High expectations can mean big letdowns

·3 min read


This article first appeared in the Morning Brief. Get the Morning Brief sent directly to your inbox every Monday to Friday by 6:30 a.m. ET. Subscribe

Wednesday, April 22, 2021

Netflix's first quarter disappointment might be one of many

First quarter earnings out of Netflix (NFLX) published Tuesday night surprised investors.

Shares of the streaming giant sold off in response.

Netflix's business was hit in the first quarter by the twin pressures of an economic re-opening that enables people to do things other than watch Netflix while it also faces a shortfall in new content to drive sub growth as COVID hampered production schedules.

"The extraordinary events of Covid-19 led to unprecedented membership growth in 2020, as it pulled forward growth from 2021, and delayed production across every region," the company said in its shareholder letter.

"In turn, we ended 2020 with a bigger membership and revenue base than we would otherwise have had, contributing to record Q1’21 revenues... In Q1, paid net additions of 4m were below our 6m guidance (and the 16m net additions in the year ago quarter) primarily due to acquisition, as retention in Q1 was in line with our expectations. We don’t believe competitive intensity materially changed in the quarter or was a material factor in the variance as the over-forecast was across all of our regions."

Some of these are, to be sure, Netflix-specific challenges. And there are but a handful of companies that so specifically met the consumer challenge of boredom during the beginning of the pandemic and also faced such pointed challenges in bringing supply online during said pandemic.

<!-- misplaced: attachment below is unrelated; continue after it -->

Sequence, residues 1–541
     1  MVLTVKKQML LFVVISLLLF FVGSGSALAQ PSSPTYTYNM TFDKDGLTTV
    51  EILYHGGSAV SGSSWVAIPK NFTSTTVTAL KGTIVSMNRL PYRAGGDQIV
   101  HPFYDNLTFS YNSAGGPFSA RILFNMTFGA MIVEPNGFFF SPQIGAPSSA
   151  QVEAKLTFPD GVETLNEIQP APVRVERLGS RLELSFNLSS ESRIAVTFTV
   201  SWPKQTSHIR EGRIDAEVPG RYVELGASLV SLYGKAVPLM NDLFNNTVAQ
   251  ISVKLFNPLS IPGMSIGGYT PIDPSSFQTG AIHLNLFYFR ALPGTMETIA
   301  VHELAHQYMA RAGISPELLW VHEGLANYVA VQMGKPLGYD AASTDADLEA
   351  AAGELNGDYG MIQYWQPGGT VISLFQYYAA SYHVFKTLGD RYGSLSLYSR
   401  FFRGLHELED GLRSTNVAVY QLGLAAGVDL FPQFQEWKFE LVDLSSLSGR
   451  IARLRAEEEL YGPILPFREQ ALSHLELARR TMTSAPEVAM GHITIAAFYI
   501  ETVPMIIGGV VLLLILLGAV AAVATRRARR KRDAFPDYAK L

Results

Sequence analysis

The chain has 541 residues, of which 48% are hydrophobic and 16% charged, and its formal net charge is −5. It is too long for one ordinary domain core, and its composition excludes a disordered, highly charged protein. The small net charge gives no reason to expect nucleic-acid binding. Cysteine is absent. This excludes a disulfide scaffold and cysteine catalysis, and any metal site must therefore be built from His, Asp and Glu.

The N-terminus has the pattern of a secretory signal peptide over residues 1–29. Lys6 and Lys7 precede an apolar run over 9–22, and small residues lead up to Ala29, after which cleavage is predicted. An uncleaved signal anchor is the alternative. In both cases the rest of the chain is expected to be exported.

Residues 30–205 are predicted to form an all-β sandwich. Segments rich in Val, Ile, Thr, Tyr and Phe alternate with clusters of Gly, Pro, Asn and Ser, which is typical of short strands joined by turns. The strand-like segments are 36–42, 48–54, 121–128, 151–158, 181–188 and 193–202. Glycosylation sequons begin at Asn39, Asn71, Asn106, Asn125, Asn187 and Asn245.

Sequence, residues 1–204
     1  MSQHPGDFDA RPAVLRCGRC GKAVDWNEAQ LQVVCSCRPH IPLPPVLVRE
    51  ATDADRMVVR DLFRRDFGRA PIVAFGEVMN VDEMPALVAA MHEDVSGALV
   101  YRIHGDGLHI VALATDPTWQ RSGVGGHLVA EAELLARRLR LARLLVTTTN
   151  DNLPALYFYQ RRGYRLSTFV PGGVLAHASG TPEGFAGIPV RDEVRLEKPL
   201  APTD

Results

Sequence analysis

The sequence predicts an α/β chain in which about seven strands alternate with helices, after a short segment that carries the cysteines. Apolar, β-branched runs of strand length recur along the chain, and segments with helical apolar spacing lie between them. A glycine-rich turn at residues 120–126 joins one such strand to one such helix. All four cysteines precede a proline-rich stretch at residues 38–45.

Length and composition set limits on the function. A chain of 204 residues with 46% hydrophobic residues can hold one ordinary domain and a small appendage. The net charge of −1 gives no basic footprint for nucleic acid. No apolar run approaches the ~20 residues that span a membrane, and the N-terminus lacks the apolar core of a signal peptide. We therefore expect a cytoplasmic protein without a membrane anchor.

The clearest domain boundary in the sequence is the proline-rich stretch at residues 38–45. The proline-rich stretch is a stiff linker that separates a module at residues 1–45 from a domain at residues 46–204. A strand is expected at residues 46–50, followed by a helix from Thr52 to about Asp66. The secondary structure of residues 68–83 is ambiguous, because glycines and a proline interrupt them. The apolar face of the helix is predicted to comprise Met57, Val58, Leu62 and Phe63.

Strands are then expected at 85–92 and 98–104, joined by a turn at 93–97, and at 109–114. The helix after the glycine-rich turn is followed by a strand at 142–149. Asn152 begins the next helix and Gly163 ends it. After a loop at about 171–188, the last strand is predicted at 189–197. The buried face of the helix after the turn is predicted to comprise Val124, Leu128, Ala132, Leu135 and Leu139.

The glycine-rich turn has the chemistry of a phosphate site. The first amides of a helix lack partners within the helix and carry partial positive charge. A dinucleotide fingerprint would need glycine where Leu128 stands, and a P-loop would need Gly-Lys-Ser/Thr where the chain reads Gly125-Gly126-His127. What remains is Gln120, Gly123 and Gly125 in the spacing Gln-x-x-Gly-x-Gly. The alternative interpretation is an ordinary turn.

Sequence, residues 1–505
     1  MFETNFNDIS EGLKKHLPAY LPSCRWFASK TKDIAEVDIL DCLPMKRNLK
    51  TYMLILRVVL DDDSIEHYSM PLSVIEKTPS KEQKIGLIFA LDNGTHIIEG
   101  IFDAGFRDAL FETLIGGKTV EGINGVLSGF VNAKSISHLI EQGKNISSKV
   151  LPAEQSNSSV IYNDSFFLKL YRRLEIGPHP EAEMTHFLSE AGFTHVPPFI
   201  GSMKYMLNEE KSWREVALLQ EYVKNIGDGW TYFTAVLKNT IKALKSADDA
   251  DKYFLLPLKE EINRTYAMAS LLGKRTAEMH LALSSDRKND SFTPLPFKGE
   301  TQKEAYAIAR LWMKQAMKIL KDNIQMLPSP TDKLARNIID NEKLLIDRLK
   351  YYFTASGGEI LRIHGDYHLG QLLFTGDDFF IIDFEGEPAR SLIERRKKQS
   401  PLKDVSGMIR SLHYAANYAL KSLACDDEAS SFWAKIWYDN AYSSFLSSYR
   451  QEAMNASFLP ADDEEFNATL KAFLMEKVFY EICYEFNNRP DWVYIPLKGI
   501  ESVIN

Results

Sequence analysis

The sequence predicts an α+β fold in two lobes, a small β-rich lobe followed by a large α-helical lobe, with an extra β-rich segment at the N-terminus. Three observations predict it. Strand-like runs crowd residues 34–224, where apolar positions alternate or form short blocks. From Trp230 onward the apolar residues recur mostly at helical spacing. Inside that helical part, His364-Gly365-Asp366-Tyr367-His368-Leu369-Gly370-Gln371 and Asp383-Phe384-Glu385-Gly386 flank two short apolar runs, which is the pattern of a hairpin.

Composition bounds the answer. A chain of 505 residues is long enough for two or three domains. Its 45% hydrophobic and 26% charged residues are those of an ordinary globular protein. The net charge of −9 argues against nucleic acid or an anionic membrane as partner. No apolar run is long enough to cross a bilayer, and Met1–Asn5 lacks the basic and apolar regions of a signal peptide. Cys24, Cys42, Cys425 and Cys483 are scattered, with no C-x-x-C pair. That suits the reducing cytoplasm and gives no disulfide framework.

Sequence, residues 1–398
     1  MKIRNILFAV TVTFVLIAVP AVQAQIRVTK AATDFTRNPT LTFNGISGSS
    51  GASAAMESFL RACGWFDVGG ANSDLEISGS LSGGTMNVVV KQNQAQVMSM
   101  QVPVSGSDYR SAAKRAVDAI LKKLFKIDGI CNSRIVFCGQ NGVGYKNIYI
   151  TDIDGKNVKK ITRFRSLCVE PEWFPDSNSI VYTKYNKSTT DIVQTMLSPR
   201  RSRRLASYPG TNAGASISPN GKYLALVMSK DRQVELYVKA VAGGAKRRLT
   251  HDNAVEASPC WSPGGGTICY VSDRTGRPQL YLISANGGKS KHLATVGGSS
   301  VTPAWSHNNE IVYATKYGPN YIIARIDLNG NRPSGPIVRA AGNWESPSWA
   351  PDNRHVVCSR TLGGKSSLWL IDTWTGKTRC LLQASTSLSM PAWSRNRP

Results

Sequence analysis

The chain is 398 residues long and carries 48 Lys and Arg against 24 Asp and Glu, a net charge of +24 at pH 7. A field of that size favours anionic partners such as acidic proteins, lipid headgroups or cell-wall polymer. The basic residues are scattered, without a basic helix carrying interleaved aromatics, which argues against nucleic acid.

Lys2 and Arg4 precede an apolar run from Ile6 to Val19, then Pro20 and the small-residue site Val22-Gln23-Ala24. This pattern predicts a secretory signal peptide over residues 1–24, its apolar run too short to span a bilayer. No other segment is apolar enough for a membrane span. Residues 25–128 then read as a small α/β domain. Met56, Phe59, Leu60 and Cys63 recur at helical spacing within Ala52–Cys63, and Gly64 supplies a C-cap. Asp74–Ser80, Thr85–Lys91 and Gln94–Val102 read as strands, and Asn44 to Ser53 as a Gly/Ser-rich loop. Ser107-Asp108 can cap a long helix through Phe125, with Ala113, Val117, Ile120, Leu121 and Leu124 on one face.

But this quarter from Netflix does also serve as a warning to investors looking at names that have benefitted greatly from COVID tailwinds that negative surprises are lurking. Or as Twitter user ShortSighted Cap noted Wednesday: "There will be more Netflix-like prints."

Earlier this week, results out of Procter & Gamble (PG) highlighted the theme that strategists are on the lookout for — higher costs. Ahead of earnings season, we spent a lot of time in The Morning Brief writing about earnings estimates getting revised higher and trying to keep up with robust economic growth.

How investors square potential margin pressures against a macro backdrop that continues to surprise to the upside is the primary big picture question for investors this earnings period. And this question again brings to mind the idea that what's good for America could be a negative for financial markets.

But these are high level discussions.

On the individual company level, it is clear we're liable to see all kinds of strange results not only during this quarter but in the quarters ahead. We've already seen some companies comparing first quarter 2021 results to the same period in 2019, just skipping right over last year. And how investors judge one-offs versus sustainable growth trends is what the market must work out in real-time.

Netflix and, say, a company like Zoom (ZM) are but two easy examples of companies that saw growth pulled forward and will face tough comps in the coming quarter. And in these situations, investors may well be prepared for some of this bad news. But there are certainly many more business trajectories impacted by COVID-related changes than management teams and analysts might want to acknowledge.

Because while everyone agreed that everything changed in 2020, it is only now that we can start to see just how much — or how little — ended up creating a new long-term growth story. Or how much creates a new narrative challenge in the quarters ahead.

By Myles Udland, reporter and anchor for Yahoo Finance Live. Follow him at @MylesUdland

Yahoo Finance Highlights

The war on Big Oil has begun

Novogratz on crypto ETFs: There's no doubt Canada is one step ahead of the U.S.

Derek Chauvin verdict sparks response from corporate America: 'Radical changes' still needed

Read the latest financial and business news from Yahoo Finance